Since a large number of X-ray source points 22 are present in the system, it can easily be controlled to alternate between two, three or more source points 22 b, 22 c spaced around the patient. For each source point 22 a 22 b, 22 c, a corresponding group of detector elements 16 will be used to produce a respective series of fluoroscopic image frames. By cycling between the source points 22 a, 22 b, 22 c simultaneous video images in a number of planes can be produced. These fluoroscopic images can either simply be displayed simultaneously on the display 44 or processed to provide a single video image combining features from each of the plane video images. The angle between planes may be adjusted electronically by switching the location of the emitting electron source. Applications for the system used in this mode are neuroradiology and neuroangiography.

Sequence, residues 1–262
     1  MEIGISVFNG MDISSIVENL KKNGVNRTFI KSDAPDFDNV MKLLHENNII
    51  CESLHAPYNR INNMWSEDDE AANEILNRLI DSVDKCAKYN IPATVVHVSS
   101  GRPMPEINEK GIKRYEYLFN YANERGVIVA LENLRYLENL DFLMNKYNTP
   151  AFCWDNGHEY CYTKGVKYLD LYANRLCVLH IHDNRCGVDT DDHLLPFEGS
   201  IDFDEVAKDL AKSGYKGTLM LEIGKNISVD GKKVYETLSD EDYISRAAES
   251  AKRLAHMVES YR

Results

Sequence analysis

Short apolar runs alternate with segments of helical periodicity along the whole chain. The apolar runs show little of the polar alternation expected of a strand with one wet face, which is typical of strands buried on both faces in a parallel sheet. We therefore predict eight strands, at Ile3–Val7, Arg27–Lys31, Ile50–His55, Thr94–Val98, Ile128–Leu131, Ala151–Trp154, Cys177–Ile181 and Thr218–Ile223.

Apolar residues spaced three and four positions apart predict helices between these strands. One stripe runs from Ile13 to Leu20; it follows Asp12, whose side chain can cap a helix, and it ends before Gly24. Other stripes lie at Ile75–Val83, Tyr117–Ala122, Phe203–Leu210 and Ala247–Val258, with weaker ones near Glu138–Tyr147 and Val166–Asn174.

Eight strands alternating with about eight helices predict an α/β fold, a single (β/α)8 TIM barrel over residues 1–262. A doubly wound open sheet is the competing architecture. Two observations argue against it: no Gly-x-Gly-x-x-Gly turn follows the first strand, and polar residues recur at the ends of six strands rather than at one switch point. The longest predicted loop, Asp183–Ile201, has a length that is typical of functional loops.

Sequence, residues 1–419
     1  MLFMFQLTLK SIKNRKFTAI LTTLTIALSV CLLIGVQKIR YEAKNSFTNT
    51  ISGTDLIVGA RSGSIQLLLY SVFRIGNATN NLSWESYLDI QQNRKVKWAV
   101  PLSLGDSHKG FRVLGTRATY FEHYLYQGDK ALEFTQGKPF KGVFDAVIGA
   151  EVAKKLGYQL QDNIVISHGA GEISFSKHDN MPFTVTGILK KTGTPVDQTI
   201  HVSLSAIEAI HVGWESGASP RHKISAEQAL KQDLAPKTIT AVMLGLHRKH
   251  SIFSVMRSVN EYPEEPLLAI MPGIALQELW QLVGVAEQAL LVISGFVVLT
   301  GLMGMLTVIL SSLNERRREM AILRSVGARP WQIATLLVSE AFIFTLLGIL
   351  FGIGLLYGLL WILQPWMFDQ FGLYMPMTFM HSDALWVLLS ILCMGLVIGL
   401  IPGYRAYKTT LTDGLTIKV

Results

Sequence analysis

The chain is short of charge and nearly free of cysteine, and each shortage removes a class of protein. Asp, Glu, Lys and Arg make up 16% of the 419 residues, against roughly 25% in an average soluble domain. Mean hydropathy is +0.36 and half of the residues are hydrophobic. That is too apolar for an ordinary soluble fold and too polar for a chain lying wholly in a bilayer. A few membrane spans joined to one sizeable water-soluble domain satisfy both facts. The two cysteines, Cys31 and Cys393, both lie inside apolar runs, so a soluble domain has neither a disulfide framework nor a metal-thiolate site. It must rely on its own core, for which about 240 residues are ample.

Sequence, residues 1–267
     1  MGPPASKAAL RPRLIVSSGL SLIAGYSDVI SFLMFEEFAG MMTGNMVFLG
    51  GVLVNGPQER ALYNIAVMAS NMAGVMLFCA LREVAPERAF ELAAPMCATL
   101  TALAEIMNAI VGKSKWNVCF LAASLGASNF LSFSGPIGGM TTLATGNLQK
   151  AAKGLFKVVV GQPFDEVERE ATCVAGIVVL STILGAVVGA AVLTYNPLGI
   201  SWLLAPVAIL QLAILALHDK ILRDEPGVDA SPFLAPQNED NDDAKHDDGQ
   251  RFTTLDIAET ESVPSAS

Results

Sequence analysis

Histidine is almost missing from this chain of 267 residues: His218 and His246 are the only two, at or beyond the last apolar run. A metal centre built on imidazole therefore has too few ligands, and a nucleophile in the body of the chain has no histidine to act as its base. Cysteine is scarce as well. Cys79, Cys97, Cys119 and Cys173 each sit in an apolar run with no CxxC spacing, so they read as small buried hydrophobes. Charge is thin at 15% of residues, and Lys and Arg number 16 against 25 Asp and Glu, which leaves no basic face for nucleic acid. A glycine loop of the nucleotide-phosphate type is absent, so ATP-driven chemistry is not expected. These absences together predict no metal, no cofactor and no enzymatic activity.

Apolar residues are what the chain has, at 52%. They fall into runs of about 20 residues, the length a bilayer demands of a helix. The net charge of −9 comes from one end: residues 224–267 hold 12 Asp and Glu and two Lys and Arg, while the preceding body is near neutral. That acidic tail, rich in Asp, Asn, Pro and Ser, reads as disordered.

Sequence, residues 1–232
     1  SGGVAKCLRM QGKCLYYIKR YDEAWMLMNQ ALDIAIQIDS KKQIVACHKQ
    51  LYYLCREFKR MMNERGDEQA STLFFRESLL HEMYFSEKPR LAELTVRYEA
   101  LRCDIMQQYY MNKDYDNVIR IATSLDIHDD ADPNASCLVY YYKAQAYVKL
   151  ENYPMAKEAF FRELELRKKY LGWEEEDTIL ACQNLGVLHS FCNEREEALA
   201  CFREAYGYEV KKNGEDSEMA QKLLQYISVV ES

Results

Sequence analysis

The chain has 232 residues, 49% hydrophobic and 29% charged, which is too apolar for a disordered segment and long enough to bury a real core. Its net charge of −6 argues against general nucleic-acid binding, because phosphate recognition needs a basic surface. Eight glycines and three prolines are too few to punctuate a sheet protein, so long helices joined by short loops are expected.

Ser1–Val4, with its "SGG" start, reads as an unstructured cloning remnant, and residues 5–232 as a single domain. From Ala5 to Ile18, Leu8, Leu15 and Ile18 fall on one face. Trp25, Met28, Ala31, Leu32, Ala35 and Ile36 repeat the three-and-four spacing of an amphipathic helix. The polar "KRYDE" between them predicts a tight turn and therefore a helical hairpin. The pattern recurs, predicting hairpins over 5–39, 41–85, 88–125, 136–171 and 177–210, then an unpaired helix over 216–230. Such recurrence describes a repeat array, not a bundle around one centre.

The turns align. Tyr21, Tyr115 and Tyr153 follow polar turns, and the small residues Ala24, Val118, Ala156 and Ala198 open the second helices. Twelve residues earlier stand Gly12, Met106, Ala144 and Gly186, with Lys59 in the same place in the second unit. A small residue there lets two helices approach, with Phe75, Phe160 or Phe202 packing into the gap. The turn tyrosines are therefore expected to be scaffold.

The fluoroscopic images produced can be improved by using the methods described in UK patent application No. 0216893.8 entitled Image Colouring and UK patent application No. 0216889.6 entitled Image Control.
Referring to FIG. 5, in a further mode of operation, the system is set up to provide stereo imaging of the imaging volume 28. In this set-up, two source points 22 d, 22 e are used which are close together. Each of them is activated in turn to produce a respective transmission image data set from a corresponding group of detector elements 16 on the opposite side of the imaging volume 28. These image data sets are stored in the frame store 50. A pair of image frame data sets, one from each source point 22 d, 22 e, is combined to produce a stereo image data set representing an image of the imaged volume, and successive stereo images can be displayed to produce a real time stereo view video image of the imaged volume 28. The angle between the two sources 22 d, 22 e, and hence the degree of parallax, can be adjusted dynamically to suit the size of the patient or organ being imaged.